Two days before your third birthday, you looked up at me from whatever mess you were making (have I ever happened to mention that you possess the most beautiful blue eyes that I ever have seen?) and declared "Mama, I don't want to turn three. I want to stay your baby forever".
I had been holding it together so well. You have a habit of doing that, by the way- totally disarming me. As tears blurred the edges of my vision, I told you that as much as I wanted to freeze time, to keep you just as you are-you were already growing into a beautiful little girl and before I knew it you would be an amazing young woman.
Last year, I wrote to you telling you the story of the day you were born. Now- you can tell me all about it. You tell me that you grew in my belly when you were a tiny tiny tiny baby. You kicked and squirmed and danced while you grew. And that one day, you decided it was time to come out. So you were born, and you made Mama and Daddy so happy and you made Mimi and Grandpa cry. And then you list off the people who came to the hospital to see you and love you- and if I tell you someone that you say wasn't there (such as Dakota, the dog), you become insistent. So I let you believe what you want. And you always finish by saying "And that was the day that I became the best thing to happen to my Mama". This abridged version, told in Gracie speak, never fails to warm my heart.
We have weathered a lot together in the last few months. Lots of change, the trials of potty training, the fierceness of your desire to be independent in all things that you do, growing and bending and stretching to fit this new reality we find ourselves in, together. You have been my constant throughout all of the changes. Right by my side, reminding me to laugh at myself, abandoning whatever you're doing to run up to my side, hug my leg and tell me you love me- always at the most needed moment.
Gracie- you are extraordinary. Our constant mantra is this- that you are kind, beautiful, funny and smart. But the truth is- you are so much more. You are unbelievably compassionate. You have decided that when you grow up, you would like to be a nurse, just like Mimi. When I broke my foot a few weeks ago, you rubbed my knee as you told me it would be OK, because you were there with me. You are the funniest person I know, without even trying- and once you realize you are making people laugh, there is no stopping you. Your facial expressions make up for whatever words you don't quite have yet and much like your mother, all of your thoughts, pleasant or not, show up clearly on your face (sorry about that).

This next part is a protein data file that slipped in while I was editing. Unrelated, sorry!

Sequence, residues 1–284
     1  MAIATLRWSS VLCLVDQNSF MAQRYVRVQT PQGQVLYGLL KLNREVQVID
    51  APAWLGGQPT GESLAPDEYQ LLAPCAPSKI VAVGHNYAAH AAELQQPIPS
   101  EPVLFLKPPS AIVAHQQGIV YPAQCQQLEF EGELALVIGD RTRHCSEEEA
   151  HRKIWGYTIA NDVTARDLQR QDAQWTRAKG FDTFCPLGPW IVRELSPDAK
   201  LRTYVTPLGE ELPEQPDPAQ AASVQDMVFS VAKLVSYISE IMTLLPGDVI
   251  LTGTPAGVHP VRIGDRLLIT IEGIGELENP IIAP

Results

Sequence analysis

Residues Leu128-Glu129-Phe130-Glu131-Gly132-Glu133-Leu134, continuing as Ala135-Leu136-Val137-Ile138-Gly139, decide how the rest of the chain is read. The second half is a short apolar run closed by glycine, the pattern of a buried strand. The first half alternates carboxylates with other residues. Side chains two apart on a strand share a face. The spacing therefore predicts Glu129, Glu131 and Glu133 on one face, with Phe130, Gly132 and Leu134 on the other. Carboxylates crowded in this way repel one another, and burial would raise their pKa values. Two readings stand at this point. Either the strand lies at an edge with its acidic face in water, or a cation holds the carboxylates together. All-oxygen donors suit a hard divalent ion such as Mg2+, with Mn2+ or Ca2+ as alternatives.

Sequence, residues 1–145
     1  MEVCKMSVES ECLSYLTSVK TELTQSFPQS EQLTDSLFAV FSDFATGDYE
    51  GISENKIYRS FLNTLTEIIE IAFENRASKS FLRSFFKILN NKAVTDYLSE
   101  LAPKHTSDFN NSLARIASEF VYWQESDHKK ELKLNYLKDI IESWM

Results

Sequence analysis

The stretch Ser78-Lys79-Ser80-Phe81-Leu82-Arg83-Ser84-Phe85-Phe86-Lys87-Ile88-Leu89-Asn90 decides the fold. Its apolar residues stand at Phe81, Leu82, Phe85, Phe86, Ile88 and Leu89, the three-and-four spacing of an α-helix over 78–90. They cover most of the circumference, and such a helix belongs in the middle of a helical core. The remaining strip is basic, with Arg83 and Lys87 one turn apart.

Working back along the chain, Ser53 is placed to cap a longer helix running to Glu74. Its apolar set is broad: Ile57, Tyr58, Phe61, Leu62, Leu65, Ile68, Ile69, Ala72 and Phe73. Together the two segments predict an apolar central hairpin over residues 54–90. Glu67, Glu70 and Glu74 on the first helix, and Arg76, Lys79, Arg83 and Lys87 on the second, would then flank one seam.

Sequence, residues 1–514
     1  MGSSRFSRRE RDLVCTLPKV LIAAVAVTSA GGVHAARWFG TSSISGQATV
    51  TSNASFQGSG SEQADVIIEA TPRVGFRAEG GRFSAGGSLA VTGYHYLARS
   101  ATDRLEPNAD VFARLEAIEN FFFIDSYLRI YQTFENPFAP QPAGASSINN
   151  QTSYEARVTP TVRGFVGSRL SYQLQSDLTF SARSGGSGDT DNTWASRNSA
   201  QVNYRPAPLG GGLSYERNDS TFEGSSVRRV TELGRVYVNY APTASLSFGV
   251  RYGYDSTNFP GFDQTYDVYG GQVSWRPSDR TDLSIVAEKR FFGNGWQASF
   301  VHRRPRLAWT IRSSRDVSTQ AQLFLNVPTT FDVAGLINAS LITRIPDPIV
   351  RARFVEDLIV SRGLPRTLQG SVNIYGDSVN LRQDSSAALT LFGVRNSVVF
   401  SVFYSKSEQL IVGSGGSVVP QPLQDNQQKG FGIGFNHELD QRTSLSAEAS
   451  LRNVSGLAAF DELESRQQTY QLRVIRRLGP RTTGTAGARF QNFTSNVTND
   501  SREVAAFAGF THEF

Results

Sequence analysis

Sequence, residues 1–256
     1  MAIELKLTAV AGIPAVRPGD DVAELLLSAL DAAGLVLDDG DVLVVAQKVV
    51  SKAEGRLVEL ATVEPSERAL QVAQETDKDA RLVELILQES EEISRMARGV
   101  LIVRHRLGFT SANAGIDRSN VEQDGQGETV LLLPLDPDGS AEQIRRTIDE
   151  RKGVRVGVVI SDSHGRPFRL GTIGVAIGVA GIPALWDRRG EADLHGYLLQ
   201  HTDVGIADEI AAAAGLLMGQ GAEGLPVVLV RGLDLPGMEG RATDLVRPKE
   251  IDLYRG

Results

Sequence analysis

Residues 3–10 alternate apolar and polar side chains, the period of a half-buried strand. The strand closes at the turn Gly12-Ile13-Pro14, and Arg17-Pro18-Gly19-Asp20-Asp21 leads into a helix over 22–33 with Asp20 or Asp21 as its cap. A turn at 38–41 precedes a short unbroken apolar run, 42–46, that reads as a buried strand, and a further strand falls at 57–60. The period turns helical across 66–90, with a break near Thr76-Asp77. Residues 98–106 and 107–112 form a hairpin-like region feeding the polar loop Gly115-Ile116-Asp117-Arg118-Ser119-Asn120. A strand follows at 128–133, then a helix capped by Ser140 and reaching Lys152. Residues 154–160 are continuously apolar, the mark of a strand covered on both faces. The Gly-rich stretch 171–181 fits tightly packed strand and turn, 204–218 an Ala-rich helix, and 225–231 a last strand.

You have quite the fan club of young twenty-somethings, given the fact that you offer none of the usual friendship benefits such as chipping in for gas money, playing wing-woman at the bar or sharing a box of Kraft macaroni and cheese (oh wait, that one you've got under control). You have "aunts" and "uncles" that love you as if you were their own, and probably more so because you are not. You have charmed your actual family as well- with one of your cousins delivering you a bouquet of pink tulips to you on your birthday. Quite franky- you enchant just about everyone you meet, regardless of their age or possible relation to you. We FaceTime on my lunch break every Tuesday and Thursday and the therapists that I work with all rush to say hello to you, because you make everybodys day that much brighter.
You have become your own little person, making choices and preferences separate from me at an alarming rate. You love motorcycles (where I am petrified of them) and the color pink. You are constantly playing in the dirt and then, in the next breath, asking me to paint your nails. You love music, but are quick to tell me if you don't like a song of my choosing and protest loudly until I find you something more agreeable. We have dance parties in the kitchen, in the car, in the aisle of the grocery store. You sing along to the radio, with invented lyrics that rival your Mimi’s in their hilarity. You love guacamole, squash, ranch dressing and above all- pink ice cream.
If there is one thing I ask of you on the brink of your 3rd birthday, it is to fight like hell to remain true to yourself. Sooner than either of us would like, you will start to feel the pressure of squeezing yourself into spaces that don’t quite fit, becoming what other people might expect...but the person you are right now? The person you have created of your own design? That girl is awesome. And I will remind you of that, every day. You are everything I might have imagined my daughter to be- but better. Often (more often than I’d like to admit), I find my breath catching in my throat as I marvel in the fact that you actually belong to me. As the days go by, I still see so much of Daddy and I in you- but more and more, it is your own self that is shining through.
Baby girl, I would love to spend the rest of my days being the buffer between you and the real world. Protecting you from the people who will hurt you, making your choices for you and having a kiss and snuggle from me be all you need to quiet your tears. But at just barely three, you are already showing me how capable you are to stand on your own. How proud you are going to make me. I worry constantly about how the choices I make will affect you. I wonder if I am doing the right things, teaching you by example.
Everyday, your smile...your kindness...your unflappable sense of humor. They assure me that, if nothing else, even on the days when we eat cereal for dinner, dishes are piled in the sink and the living room looks like fisher price threw up all over it- we’re doing alright.
And G, do you want to know my secret?
You’ll ALWAYS be my baby.
So go ahead, keep getting older and breaking my heart.
I love you to the moon & back,